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Historically, insolvency resolution in India has been an arduous, complex and long drawn process. India is currently ranked 103rd globally in insolvency resolution with a typical insolvency case taking up to four years. While several schemes / mechanisms have been in existence to assist recovery and / or restructuring of distressed assets, for a variety of reasons, they have met with limited success. Overhauling the insolvency regime had, therefore, become the need of the hour.

The Insolvency and Bankruptcy Code, 2016 (the Code), which was approved by both houses of Parliament in May 2016, replaced and consolidated a number of scattered and archaic insolvency provisions. It has sought to create a comprehensive framework dealing with the insolvency of companies, firms and individuals and has been implemented in a staggered manner over the last 18 months.

This note seeks to briefly summarize the key developments under the Indian insolvency regime so far.

Significant Changes Brought Under the Code:

By way of recap, the Code has brought about the following salient changes in the Indian insolvency regime:

  • Fixed timelines have been set out under the Code to complete the insolvency resolution process;
  • Exclusive jurisdiction has been vested with the National Company Law Tribunal (NCLT) for matters relating to corporate insolvency;
  • Creditors have been put in control of the insolvency resolution process; and
  • The payment of dues owed to secured creditors has been prioritized over the payment of dues owed to the Government (which is a significant departure from the distribution waterfall that existed under the previous insolvency regime).

Evolution of the Insolvency Regime under the Code: 

The biggest flaws with the erstwhile corporate insolvency process were the inordinate delays associated with liquidating a company and the absence of a specialized adjudicating authority. A fixed time frame for every stage of the insolvency process has been specified. The Code requires the NCLT to admit or reject an application for initiating a resolution process within 14 days. In addition, it also imposes an outer limit of 270 days (which consists of an initial period of 180 days with a one-time extension of 90 days) to complete the resolution process. A resolution plan can be undertaken by way of a share sale, asset sale or a merger of the stressed entity with the acquirer – though it remains to be seen which alternative emerges to be the most preferred option. If the resolution plan is not agreed to by at least 75% of the financial creditors in value, the plan is required to be rejected by the NCLT1 or if the plan, once approved, is not implemented in accordance with its terms, the NCLT can require the commencement of liquidation proceedings. The Code imposes an obligation on the liquidator to complete the liquidation process within a period of 2 years, but leaves scope for the liquidator to seek an extension.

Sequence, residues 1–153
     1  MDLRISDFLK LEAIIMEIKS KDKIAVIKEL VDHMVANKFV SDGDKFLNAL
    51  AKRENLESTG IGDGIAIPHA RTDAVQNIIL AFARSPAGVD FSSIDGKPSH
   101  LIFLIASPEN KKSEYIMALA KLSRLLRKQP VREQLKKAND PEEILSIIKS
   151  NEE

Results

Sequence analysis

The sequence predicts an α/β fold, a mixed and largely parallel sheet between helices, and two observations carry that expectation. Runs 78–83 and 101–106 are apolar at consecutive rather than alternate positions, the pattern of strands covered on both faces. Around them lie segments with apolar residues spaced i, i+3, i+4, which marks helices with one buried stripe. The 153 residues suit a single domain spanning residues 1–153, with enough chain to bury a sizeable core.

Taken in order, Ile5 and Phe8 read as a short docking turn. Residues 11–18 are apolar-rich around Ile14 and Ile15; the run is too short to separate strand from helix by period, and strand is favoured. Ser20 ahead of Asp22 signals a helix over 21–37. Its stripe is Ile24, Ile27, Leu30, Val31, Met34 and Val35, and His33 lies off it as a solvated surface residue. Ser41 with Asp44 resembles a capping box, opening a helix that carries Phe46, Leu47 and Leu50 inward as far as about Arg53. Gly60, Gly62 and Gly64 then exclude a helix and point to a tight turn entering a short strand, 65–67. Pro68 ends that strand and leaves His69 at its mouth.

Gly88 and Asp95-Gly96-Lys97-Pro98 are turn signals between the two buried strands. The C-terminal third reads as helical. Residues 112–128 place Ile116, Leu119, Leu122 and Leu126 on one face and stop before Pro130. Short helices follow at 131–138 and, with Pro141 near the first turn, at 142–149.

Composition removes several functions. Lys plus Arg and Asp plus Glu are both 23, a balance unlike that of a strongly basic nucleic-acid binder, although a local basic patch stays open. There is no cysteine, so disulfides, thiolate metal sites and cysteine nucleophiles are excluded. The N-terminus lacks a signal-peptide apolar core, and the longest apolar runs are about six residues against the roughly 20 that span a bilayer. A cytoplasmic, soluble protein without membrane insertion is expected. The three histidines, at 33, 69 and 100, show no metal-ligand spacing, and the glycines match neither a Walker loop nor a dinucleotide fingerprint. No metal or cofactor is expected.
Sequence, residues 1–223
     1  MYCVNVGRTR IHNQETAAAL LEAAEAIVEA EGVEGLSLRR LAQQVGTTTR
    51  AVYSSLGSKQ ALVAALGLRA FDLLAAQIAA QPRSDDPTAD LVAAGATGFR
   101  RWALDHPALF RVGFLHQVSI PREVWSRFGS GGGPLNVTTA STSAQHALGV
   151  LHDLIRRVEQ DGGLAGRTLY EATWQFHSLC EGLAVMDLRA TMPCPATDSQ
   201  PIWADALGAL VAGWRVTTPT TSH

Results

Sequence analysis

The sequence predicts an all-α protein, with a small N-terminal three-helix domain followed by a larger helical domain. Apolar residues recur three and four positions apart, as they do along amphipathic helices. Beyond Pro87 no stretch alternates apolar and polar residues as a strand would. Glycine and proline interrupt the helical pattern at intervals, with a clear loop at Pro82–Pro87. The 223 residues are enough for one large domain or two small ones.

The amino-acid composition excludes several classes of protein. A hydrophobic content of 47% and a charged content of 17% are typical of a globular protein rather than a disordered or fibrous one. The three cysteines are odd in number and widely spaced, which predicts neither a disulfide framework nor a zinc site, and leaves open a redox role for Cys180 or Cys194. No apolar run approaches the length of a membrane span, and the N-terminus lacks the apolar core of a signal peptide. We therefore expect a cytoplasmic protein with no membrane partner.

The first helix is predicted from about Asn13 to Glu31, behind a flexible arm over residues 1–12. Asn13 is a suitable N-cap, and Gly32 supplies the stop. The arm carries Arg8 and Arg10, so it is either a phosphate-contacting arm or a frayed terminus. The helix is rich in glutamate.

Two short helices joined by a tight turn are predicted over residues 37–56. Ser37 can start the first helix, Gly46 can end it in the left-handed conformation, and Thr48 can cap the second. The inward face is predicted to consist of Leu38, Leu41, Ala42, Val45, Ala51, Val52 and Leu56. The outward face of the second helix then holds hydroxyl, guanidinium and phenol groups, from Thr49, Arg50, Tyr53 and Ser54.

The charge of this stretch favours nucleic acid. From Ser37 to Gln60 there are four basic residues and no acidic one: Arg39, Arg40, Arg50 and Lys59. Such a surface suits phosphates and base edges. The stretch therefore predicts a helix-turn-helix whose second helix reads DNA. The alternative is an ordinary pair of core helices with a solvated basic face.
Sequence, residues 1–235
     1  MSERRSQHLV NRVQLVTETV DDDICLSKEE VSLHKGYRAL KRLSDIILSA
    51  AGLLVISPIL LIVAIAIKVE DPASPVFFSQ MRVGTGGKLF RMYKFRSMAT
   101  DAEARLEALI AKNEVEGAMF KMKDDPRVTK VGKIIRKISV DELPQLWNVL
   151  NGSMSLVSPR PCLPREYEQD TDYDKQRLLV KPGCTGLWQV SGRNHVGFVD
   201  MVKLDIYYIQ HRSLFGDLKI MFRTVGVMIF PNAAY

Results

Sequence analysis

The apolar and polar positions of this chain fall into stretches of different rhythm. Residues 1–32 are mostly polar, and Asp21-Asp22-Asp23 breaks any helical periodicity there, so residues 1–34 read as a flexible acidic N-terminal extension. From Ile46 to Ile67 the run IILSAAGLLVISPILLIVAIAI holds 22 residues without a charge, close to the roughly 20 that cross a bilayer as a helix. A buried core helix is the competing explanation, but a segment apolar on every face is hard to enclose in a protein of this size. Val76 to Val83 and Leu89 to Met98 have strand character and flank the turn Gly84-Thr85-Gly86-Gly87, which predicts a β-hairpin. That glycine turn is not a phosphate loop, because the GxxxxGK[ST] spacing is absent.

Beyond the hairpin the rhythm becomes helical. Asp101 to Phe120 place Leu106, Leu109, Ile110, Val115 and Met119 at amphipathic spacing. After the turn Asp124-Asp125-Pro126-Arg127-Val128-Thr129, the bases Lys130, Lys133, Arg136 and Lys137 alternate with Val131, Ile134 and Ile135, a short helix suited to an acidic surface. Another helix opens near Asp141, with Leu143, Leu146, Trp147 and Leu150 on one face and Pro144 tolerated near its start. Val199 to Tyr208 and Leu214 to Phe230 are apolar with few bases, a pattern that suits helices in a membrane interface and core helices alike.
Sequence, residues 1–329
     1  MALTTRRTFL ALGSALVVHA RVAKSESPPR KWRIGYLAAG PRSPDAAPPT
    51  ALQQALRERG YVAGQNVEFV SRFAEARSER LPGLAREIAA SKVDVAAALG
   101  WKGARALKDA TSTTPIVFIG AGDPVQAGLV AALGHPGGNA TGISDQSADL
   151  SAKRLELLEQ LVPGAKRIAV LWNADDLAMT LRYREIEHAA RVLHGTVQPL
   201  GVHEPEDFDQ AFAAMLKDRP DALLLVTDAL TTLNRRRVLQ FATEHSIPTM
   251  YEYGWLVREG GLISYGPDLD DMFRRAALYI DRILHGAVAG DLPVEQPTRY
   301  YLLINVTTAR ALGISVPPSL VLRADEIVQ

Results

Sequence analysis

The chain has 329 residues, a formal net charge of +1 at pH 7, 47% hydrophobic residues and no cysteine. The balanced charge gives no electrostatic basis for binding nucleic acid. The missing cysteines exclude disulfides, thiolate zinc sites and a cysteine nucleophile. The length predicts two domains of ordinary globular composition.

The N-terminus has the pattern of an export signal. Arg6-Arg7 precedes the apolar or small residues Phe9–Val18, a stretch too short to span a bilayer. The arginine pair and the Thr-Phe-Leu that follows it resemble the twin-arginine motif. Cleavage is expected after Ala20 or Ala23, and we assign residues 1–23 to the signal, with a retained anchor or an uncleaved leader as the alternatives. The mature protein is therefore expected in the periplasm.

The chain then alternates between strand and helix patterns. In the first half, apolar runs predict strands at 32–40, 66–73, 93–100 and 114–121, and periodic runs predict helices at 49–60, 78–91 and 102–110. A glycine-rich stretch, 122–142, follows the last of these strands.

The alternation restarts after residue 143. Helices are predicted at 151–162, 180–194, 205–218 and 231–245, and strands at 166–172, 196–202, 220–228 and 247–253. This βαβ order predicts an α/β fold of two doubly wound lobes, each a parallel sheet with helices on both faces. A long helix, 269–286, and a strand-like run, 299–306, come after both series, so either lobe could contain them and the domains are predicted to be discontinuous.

Following the implementation of the Code, the Reserve Bank of India (the RBI), India’s central bank, had recommended certain banks to initiate corporate insolvency process against 12 companies whose loans aggregated to around 25% of the gross non-performing assets of the Indian banking system. Insolvency professionals have been appointed in 11 of these cases and proceedings are still ongoing. The RBI has recently sent a list of another 26 companies to banks for the purposes of initiation of corporate insolvency process.